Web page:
LYPHOMED GRAND ISLAND, N.Y. PLANT FD-483 INSPECTION REPORT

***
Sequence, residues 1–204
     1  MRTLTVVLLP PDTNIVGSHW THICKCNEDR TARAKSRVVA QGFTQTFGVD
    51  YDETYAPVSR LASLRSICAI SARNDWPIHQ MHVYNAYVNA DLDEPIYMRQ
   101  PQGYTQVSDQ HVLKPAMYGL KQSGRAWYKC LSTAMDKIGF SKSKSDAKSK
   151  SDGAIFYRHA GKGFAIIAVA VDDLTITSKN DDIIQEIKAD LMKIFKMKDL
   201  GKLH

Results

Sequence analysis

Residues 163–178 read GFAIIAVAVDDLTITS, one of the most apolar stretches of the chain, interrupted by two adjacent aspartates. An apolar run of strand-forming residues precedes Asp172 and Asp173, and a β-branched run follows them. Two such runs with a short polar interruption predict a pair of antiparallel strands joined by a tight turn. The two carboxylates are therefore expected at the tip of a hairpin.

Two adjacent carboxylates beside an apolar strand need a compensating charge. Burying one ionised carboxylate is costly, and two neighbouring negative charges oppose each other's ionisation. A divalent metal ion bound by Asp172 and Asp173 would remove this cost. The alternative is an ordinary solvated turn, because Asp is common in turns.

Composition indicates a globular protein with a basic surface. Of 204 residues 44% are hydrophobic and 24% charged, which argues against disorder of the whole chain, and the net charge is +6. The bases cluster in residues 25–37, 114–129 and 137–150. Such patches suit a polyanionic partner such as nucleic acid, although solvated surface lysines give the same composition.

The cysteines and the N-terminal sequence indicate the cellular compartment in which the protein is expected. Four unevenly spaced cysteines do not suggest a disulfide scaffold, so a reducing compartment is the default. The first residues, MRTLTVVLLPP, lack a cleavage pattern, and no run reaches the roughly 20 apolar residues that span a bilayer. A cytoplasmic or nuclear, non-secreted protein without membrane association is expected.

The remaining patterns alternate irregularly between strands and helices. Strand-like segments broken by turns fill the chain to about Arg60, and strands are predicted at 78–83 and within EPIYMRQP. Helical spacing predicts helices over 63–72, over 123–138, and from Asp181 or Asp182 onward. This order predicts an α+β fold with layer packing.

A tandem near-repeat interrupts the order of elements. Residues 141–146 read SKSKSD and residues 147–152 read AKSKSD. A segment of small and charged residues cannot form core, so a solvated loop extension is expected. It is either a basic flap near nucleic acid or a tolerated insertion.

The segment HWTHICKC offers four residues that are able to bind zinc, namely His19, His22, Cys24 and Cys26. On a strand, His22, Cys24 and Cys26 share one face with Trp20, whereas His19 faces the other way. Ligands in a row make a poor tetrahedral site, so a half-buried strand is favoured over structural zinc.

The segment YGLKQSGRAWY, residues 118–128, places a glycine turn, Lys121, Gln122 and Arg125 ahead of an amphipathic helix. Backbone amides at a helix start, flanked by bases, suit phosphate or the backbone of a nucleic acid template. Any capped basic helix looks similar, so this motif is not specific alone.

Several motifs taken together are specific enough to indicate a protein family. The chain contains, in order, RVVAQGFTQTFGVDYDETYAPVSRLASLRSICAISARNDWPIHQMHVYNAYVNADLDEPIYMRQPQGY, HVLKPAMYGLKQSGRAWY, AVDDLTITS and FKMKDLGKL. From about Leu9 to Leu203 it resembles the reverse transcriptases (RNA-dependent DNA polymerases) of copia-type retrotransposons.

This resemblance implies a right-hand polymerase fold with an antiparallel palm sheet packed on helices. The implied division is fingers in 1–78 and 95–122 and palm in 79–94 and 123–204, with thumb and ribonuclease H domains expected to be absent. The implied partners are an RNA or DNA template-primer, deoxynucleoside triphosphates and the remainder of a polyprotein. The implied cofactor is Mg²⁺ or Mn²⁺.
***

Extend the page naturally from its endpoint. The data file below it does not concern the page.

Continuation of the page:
LYPHOMED GRAND ISLAND, N.Y. PLANT FD-483 INSPECTION REPORT: potential cephalosporin cross-contamination was cited by FDA in a lengthy adverse findings report issued Sept. 9 following completion of a month-long inspection of the facility. The report states that LyphoMed's "procedures to prevent cephalosporin contamination of non-cephaphosporin parenteral products" also manufactured at the facility "were inadequate." Cephalosporins manufactured by LyphoMed at Grand Island include cefazolin, cephalothin and cephapirin. DFDA noted specifically that "sterile cephalosporins and other parenterals were filled in the same building with employees utilizing a common hall for entrance to their respective filling rooms," and that cephalosporins "were routinely weighed in the formulation area for non-cephalosporin products." The FD-483 adds that LyphoMed did not perform adequate testing of the environment outside the filling room or of the non-cephalosporin products for potential cephalosporin contamination. In addition to inadequate precautions against cross-contamination in the Grand Island plant, the Sept. 9 FD-483 also cited LyphoMed for other aspects of its cephalosporin production, including: incomplete stability testing, failure to conduct media fill validation of aseptic processing, and incomplete validation of the autoclave process, vial washing system, and analytical methods. GMP problems were also cited involving other injectables manufactured at the plan, including: sodium chloride, heparin, dexamethazone and hydroxyzine. Grand Island is the third LyphoMed plant to run into inspection problems with FDA. LyphoMed's plant at Melrose Park, Ill. is operating at reduced capacity following a series of adverse inspection findings by FDA over the past year. Adverse GMP findings at the firm's Orlando facility in June led to the halting of production at the plant and FDA's seizure of LyphoMed's Orlando product inventory. LyphoMed and the U.S. Justice Department announced on Sept. 13 that a consent agreement had been reached with FDA establishing terms for the handling of the seized products and a lot of potassium chloride from Orlando recalled by the firm in July. The agreement sets up terms for the release and reconditioning of the terminally sterilized products involved in the seizure action, including a sterility control checklist to be reviewed by the agency before the products can be distributed. According to the agreement, all aseptically filled products seized by FDA and all of the recalled potasium chloride are to be destroyed by LyphoMed. The Justice also called for Lyphomed to post a $ 3.4 mil. bond subject to the firm's successful completion of the terms of the agreement. The agreement further states that the Orlando plant "may not reopen" until inspected and cleared by FDA. LyphoMed also announced on Sept. 15 that former American Hospital Supply executive Gary Nei will become president and chief operating officer of the company effective Nov. 1. John Kapoor will continue as chairman and CEO. Nei served as an executive at AHS and Baxter-Travenol before leaving to head NPI, a Salt-Lake City-based biotech company in 1987. Another recent change in LyphoMed management was the resignation of Roland Catherall. Catherall had joined LyphoMed as regulatory affairs director in March as part of LyphoMed's overall effort to upgrade its quality assurance program. However, Catherall departed for Abbott Labs last month.
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